He has been accused of being gay, an accusation which in France would usually only provoke a smile. Still, Emmanuel Macron, a centrist former economy minister and ex-banker felt obliged to kill rumors of a gay relationship outside his marriage to Brigitte Trogneux (24 older than him) and push his presidential campaign on.
“If you’re told I lead a double life with Mr Gallet it’s because my hologram has escaped,” Macron told supporters, referring to Radio France chief executive Mathieu Gallet, with whom he has been accused of having a relationship.
Macron puzzles non-French observers. His discourses are too long and full of platitudes; he doesn’t seem to have a real program, but a mixture of elements from both left and right; his passage through the government of Manuel Valls was a failure, but he seems keen to encourage a personality cult around himself. He is young, only 39, a former Socialist, and he now promotes capitalism, but wants to keep the national extravagant and dispendious social programs.
He seems more and more to approach the moment when he will win the French presidency. Opinion polls show Macron ahead of François Fillon in the first round of the election, but only by a few percentage points, and behind Marine Le Pen, leader of the far-right National Front. Only the top two candidates go through to a second round on May 7. Polls show that Macron would beat Le Pen with about two thirds of the vote and that Fillon would win by a smaller, but still comfortable margin. The pollster Opinionway put Le Pen at 25 percent, Macron on 23, and Fillon on 20. It raised its prediction for the Macron vote in the second round to 66 percent from 65.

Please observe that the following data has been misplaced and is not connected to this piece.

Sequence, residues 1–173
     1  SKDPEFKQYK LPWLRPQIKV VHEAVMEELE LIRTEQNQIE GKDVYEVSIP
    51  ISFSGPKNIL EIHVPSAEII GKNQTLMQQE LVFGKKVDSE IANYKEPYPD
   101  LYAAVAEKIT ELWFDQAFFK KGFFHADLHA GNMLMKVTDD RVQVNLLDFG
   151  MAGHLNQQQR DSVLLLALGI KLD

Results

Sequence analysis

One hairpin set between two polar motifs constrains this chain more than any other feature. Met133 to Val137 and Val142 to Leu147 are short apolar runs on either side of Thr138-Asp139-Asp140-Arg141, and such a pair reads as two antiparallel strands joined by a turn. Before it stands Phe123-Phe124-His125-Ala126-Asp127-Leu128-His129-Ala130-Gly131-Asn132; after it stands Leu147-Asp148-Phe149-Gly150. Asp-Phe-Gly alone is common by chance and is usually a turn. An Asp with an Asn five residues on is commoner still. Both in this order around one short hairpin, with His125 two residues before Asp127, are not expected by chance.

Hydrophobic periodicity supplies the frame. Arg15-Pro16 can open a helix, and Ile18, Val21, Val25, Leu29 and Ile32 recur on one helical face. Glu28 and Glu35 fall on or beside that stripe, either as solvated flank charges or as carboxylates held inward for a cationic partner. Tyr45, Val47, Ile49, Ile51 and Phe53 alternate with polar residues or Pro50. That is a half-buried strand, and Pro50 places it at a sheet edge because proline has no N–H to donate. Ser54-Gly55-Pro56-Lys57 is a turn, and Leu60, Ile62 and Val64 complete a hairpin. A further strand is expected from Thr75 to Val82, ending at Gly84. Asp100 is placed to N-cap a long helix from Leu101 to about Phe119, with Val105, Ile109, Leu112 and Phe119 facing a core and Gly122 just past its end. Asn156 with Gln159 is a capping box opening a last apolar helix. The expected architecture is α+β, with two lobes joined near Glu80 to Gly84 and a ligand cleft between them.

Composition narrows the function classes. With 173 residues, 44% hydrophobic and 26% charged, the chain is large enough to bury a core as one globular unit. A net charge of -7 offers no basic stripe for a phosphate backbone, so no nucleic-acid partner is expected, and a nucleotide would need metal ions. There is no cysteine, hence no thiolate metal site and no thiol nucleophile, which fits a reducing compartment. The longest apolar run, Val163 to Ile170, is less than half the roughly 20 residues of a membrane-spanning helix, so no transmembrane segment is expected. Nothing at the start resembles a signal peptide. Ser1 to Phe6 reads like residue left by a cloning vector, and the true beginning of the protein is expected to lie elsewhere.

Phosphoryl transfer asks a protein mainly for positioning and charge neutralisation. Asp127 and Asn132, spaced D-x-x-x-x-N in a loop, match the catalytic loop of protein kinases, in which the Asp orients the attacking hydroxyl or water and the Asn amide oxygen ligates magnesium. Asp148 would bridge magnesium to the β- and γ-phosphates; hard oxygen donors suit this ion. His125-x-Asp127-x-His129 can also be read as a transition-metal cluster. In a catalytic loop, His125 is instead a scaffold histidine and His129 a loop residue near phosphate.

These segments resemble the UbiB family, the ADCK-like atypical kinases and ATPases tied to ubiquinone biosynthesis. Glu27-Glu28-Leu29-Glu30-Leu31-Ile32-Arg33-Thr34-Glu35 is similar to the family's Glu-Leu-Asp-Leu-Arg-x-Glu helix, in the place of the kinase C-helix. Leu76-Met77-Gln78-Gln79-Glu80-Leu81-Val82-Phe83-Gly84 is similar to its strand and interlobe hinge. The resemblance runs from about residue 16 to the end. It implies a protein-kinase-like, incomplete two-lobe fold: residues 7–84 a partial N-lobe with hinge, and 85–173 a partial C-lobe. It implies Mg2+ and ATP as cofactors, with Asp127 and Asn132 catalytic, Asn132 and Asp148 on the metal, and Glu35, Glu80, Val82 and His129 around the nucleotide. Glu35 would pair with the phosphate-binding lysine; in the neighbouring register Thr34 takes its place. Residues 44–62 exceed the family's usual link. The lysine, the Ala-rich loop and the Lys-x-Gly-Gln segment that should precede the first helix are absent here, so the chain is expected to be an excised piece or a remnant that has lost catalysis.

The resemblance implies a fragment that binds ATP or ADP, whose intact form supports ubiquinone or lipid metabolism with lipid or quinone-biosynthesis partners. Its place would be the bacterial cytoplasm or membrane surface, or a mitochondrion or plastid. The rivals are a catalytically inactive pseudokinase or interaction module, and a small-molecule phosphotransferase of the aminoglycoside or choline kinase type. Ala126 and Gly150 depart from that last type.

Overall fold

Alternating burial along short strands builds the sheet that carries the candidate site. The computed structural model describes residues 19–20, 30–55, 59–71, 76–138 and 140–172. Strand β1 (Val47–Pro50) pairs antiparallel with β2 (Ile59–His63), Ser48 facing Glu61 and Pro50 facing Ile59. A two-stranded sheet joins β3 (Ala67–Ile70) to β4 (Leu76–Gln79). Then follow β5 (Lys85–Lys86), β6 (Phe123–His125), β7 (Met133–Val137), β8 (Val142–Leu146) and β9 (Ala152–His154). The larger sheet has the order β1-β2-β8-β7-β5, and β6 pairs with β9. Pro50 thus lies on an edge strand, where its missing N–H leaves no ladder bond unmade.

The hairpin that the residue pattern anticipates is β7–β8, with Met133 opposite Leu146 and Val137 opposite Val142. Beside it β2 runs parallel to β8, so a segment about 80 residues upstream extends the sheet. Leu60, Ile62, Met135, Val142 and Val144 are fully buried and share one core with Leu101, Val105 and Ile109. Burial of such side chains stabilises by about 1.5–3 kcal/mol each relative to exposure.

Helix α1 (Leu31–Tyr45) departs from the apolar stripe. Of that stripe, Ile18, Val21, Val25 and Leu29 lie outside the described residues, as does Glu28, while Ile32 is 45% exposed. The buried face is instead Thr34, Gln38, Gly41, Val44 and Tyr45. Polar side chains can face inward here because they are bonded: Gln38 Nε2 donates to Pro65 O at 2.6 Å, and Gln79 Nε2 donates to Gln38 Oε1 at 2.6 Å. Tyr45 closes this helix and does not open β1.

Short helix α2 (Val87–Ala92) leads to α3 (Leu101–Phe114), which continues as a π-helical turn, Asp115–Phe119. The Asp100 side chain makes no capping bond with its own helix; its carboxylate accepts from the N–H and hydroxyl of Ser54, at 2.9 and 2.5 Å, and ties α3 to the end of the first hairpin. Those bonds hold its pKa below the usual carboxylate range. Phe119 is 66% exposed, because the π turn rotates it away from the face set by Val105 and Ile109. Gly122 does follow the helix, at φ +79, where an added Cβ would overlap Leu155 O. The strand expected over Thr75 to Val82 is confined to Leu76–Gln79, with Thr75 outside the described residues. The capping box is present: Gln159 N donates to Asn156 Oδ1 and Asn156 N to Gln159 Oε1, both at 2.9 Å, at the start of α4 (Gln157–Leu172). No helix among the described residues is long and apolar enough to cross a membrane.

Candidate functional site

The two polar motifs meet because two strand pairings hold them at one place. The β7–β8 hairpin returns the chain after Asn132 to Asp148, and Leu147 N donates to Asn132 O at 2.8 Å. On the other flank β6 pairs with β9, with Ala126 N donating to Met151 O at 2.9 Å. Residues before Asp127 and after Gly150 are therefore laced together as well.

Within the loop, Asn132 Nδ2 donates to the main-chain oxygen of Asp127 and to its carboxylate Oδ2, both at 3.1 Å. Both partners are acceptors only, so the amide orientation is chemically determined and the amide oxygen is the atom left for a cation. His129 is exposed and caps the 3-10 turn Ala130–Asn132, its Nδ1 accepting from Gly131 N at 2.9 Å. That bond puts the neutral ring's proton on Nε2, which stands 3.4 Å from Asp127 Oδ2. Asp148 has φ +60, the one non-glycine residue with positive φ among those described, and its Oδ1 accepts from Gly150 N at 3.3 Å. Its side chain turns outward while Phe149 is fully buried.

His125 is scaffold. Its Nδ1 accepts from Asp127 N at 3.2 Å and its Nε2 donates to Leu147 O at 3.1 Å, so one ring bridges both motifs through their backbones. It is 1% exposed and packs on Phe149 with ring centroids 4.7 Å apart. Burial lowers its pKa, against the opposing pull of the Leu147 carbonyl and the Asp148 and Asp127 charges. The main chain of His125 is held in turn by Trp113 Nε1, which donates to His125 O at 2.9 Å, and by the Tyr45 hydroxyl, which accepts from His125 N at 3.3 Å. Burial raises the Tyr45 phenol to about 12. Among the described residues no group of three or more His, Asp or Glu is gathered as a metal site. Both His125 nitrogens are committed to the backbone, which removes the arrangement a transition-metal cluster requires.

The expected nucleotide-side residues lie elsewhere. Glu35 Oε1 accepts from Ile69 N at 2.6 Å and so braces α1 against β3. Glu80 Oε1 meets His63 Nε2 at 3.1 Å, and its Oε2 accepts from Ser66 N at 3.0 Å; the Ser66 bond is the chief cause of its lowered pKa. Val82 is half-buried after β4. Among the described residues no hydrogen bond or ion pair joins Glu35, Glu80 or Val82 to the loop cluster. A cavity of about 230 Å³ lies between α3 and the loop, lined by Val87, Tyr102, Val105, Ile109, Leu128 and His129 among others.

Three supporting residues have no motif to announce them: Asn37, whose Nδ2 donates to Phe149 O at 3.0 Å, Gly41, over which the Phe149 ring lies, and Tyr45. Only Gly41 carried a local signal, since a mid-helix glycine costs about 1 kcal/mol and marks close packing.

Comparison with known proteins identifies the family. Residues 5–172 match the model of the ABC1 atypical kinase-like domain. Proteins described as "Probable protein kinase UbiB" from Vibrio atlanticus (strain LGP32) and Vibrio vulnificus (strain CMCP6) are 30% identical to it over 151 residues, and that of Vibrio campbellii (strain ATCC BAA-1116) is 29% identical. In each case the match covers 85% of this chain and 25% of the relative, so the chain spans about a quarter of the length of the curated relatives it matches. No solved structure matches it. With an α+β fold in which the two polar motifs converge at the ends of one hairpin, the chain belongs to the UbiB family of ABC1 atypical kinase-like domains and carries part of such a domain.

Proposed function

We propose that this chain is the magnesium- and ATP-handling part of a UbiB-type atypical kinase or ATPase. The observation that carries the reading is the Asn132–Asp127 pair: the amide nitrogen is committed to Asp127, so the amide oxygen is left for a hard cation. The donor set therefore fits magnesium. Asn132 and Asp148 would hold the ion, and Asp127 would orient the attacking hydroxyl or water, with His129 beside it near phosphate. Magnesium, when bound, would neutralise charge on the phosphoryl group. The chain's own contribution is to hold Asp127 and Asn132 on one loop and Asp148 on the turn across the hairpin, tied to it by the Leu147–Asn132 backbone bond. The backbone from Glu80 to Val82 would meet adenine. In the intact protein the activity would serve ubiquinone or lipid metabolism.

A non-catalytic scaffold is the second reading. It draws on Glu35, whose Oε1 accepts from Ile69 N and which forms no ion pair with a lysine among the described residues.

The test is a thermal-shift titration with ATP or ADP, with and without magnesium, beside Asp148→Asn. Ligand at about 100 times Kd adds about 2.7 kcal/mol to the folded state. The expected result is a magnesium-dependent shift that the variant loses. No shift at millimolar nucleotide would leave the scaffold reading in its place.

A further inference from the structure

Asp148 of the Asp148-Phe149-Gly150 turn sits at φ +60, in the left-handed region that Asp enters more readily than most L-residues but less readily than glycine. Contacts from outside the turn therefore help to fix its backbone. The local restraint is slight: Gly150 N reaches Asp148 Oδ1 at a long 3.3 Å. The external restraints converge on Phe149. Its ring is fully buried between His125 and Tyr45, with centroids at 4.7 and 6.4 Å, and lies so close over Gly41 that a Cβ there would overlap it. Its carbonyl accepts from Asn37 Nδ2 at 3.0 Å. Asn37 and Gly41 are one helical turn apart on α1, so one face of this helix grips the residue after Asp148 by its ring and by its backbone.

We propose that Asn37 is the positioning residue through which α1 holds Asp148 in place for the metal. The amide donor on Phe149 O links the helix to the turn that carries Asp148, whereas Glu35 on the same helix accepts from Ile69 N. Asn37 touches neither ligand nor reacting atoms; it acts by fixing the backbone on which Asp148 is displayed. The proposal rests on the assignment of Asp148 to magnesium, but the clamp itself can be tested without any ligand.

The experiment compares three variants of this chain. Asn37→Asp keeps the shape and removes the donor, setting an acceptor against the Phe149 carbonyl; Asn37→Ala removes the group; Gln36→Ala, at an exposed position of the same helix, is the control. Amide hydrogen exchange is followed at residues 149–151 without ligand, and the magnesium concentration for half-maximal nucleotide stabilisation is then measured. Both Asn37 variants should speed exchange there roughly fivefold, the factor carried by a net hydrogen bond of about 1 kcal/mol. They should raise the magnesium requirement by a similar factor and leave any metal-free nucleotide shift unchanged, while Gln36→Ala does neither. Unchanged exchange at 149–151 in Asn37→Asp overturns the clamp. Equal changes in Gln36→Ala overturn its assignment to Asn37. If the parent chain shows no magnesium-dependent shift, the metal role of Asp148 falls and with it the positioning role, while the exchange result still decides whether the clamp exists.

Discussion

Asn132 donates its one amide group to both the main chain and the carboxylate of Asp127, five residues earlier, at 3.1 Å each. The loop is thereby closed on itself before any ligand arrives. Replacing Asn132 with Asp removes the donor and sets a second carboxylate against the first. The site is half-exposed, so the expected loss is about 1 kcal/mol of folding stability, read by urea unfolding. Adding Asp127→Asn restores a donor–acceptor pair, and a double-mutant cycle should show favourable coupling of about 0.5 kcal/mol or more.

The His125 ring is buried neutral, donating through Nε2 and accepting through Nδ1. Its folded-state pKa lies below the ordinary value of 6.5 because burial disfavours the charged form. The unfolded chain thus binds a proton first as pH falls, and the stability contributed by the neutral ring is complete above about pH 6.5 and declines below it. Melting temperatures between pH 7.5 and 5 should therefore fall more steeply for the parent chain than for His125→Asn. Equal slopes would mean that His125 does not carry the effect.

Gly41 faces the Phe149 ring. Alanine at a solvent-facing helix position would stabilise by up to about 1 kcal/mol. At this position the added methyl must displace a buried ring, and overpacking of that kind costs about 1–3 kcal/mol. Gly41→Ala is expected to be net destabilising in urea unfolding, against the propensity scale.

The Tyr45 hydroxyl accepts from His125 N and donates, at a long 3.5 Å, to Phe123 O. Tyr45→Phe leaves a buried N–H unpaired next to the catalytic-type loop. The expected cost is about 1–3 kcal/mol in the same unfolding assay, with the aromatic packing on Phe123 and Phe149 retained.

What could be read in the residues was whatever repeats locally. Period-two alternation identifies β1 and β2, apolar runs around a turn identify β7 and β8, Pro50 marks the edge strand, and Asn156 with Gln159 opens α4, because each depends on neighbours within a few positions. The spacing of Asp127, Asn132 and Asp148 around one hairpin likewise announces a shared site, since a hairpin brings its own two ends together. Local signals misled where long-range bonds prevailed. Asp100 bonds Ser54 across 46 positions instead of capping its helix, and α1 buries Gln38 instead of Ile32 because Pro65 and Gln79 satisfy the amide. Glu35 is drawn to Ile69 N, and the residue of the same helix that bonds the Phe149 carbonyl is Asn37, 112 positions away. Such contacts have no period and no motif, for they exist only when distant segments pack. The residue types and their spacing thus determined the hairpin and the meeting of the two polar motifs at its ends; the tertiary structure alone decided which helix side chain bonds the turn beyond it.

Still, in spite of his growing popularity, Macron was forced to deny that he is gay. French politics has a long history of financial and personal scandals, and the country’s media has become less shy about reporting the private life of public figures in the social media age. Revelations about the love child of former President François Mitterrand took years to come out in the press, even though the facts were widely known by journalists while he was in power between 1981 and 1995.
But photographs of current president, François Hollande, arriving outside the flat of actress Julie Gayet on the back of a motor scooter were splashed across front pages while he was officially still in another relationship. And it was a sex-scandal that destroyed the presidential hopes of former IMF chief Dominique Strauss Kahn and gave Hollande his chance for the 2012 presidency.
Macron worked for the Rothschild bank and married his teacher from high school, a quarter of century older than him. So difficult to define is he, that some call him “the chameleon”. In fact, he seems to have a fantastic flair, a capacity of seizing the most efficient moment. And he studied at ENA, Ecole Nationale d’Administration, the factory of the French elites.
Even the Russians now attack him, through websites close to the Kremlin. The two major French parties shot themselves in the foot, the Conservatives with the corruption scandal that splashed François Fillon, the Socialists with the utopian project of Benoît Hamon. Emmanuel Macron swiftly slid in between. He tries to avoid all political labels and nuances, thus reinforcing his chances of beating the populist Le Pen. Another paradox is that Macron was never elected. He ran France’s economy for two short years, without leaving any mark or tangible result. The political movement he created around his person is called “En Marche!”, which makes his enemies sneer: “En marche” towards what? But now, after a very modest beginning, and to general incredulity, he attracts more and more people, almost like a rock star.
In fact, he is the incarnation of the French neo-Republicanism. He doesn’t exalt patriotic virtues, like Marine Le Pen, he is no nationalist, but he wants a secular France, solidly in the middle of Europe. For the first time, a real golden-boy is shaking France and seems capable of leading it ahead.